Julius Erving, known to his fans as Dr. J, joined the Virginia Squires of the American Basketball Association (ABA) in 1971, and in his first season, he was selected to the All- ABA Second Team and the ABA All-Rookie Team. Famous for his dramatic style of play with spins, high jumps, and amazing slam-dunks, Dr. J was just beginning a 16-year professional basketball career that would earn him a place in the National Basketball Association (NBA) Hall of Fame.
As the editor of Metro Hampton Roads Magazine, I used my acquaintanceship with Squires owner Earl Foreman to obtain a private interview with Dr. J at his Hague Towers Norfolk, Virginia apartment. My photographer that morning was Bob Friedman, my pal from our days at the University of Virginia and the future publisher of my novels. Bob and I were both basketball fans, so we were very excited about our appointment with the future superstar.
On time for the late-morning interview, we politely knocked on Dr. J’s apartment door. No one responded. We knocked harder and repeatedly to no avail until we were at the point of leaving when the door opened. There stood a giant of a man, bare chest and barefoot, rubbing the sleep out of his eyes. We announced ourselves, and he apologized for over-sleeping and invited us in.
Most of the interview was conducted over Dr. J’s kitchen table, and while still bare-chested, he fixed himself a bowl of cold cereal. Then we moved to his living room where he put on his shirt, socks, and shoes. Neither Bob nor I had the presence of mind to request personal photographs with him, something we have always regretted.
Dr. J was very polite during our visit, but it was to be short-lived as he was due at a team practice. We departed in the elevator with him and then watched him drive away. I hadn’t gotten enough information for a feature story, so we published a sidebar, short piece with one of Bob’s photos, and a game-action photo provided by the Squires.
Seasons later, Bob and I watched Dr. J in several NBA Finals as his Philadelphia 76ers battled the Magic Johnson-led Los Angeles Lakers. Finally, with the addition of Moses Malone to the 76ers, they swept the Lakers in the 1982-83 NBA Finals. Dr. J had been an NBA Most Valuable Player and eleven-time NBA All Star before his retirement in 1987. He played in over 800 professional games, scored more than 30,000 points, and was elected to the NBA Hall of Fame in 1993.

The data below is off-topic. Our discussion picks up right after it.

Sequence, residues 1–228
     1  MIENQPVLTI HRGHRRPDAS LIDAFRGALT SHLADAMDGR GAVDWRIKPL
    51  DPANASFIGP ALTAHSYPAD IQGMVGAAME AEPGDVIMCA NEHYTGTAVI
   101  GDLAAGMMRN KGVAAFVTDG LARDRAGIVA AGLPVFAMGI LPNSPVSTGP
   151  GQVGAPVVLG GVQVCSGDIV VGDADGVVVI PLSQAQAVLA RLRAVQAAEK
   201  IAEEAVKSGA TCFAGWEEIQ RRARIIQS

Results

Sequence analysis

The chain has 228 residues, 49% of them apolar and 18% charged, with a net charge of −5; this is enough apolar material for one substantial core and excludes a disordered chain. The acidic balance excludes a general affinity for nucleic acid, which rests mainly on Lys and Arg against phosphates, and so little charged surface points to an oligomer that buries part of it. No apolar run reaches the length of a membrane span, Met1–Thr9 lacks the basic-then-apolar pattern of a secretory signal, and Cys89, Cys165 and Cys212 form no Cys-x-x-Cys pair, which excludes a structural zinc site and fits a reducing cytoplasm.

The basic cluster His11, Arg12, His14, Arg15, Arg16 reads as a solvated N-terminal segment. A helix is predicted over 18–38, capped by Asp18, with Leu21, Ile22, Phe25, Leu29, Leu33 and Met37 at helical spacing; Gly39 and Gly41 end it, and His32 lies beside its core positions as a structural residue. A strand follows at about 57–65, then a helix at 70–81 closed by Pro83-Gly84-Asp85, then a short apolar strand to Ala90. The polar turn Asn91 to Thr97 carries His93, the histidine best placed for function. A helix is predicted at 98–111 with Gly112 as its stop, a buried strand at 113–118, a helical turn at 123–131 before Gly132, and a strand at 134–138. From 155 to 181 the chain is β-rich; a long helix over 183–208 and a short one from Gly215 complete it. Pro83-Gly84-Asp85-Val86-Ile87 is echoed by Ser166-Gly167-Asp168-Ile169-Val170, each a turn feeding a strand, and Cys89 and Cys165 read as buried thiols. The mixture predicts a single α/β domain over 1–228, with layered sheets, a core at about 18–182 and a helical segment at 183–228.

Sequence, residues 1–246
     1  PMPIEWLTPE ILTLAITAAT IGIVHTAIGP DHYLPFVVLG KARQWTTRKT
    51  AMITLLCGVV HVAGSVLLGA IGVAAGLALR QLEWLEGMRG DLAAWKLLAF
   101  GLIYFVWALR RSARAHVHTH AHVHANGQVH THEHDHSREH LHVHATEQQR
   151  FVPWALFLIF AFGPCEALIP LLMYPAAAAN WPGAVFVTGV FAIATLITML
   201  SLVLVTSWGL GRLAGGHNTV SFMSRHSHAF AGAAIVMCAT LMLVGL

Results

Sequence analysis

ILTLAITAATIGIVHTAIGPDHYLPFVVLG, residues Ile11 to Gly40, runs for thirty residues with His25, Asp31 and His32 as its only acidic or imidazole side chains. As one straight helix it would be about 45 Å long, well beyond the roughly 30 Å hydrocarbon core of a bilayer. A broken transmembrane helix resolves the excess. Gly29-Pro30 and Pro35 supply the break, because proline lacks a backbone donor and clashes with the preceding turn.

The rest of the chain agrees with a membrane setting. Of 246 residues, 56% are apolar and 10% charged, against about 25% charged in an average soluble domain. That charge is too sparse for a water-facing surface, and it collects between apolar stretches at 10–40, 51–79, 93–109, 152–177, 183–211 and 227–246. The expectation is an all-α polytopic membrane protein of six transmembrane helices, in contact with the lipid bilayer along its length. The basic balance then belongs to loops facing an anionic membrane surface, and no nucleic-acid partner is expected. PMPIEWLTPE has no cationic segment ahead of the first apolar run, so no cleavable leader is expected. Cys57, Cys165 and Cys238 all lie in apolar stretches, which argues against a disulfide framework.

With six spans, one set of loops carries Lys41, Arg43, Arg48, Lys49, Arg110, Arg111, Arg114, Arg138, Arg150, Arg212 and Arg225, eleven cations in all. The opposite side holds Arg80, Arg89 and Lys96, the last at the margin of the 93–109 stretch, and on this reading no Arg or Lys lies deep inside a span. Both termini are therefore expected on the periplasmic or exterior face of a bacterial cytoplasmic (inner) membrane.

Fans like Bob and me remember that in 1976 Dr. J won the first Slam Dunk Contest that any professional basketball league had ever hosted. The images of him flying to the basket and slamming the ball through the net in impossible ways remain indelible.
Since I am a Norfolk, Virginia native and a former journalist, some words about the demise of the Virginia Squires seem appropriate in the context of meeting Julius Erving.
I had met Earl Foreman early in his consideration of Norfolk as the headquarters city for his ABA franchise location. I also knew and had worked with Denzil Skinner, the Director of Scope, the then new 10,253-seat sports and entertainment complex in Norfolk. As the founder and editor of Metro Hampton Roads Magazine with about 20,000 monthly magazines in circulation to people who were the perfect demographic for buying Squires season tickets, my support of the venture was deemed important. Earl Foreman even gave me a press pass to sit at the scorers’ table for the16-game home schedule at Scope in 1971.
Years later, in July of 1974, when Earl Foreman was being lambasted by fans and the press for selling four of the best players in the ABA—Julius Erving, Charlie Scott, Swen Nater, and George Gervin—I put Earl on the cover of Metro and encouraged him and his Squires staff to explain what went wrong. The feature story by Fred Jordan was titled “The Foreman Years: Was It All His Fault?”
The economic strategy behind the capital investment in ABA franchises was that the best teams in the league would ultimately be absorbed by expansion into the established NBA and thus become valuable financial assets. Unfortunately, when the ABA folded, the Squires did not make the transition. The main obstacle had been Foreman’s concept to make the Squires a regional Virginia team that although headquartered in Norfolk, would play additional “home” games at the Hampton Coliseum and at sports arenas in Richmond and in Roanoke. These four cities, however, were economic rivals rather than cooperative friends, and their political pettiness could not be overcome. Affluent businesses in these cities thus did not buy blocks of season tickets, and individuals did not relate to the Squires as their city’s home team.
Foreman attempted to sell the ABA franchise to a Hampton Roads group of investors in order to save the team for Scope, but all efforts failed, and the Squires passed out of professional basketball history when it played its last game in Scope in April 1976.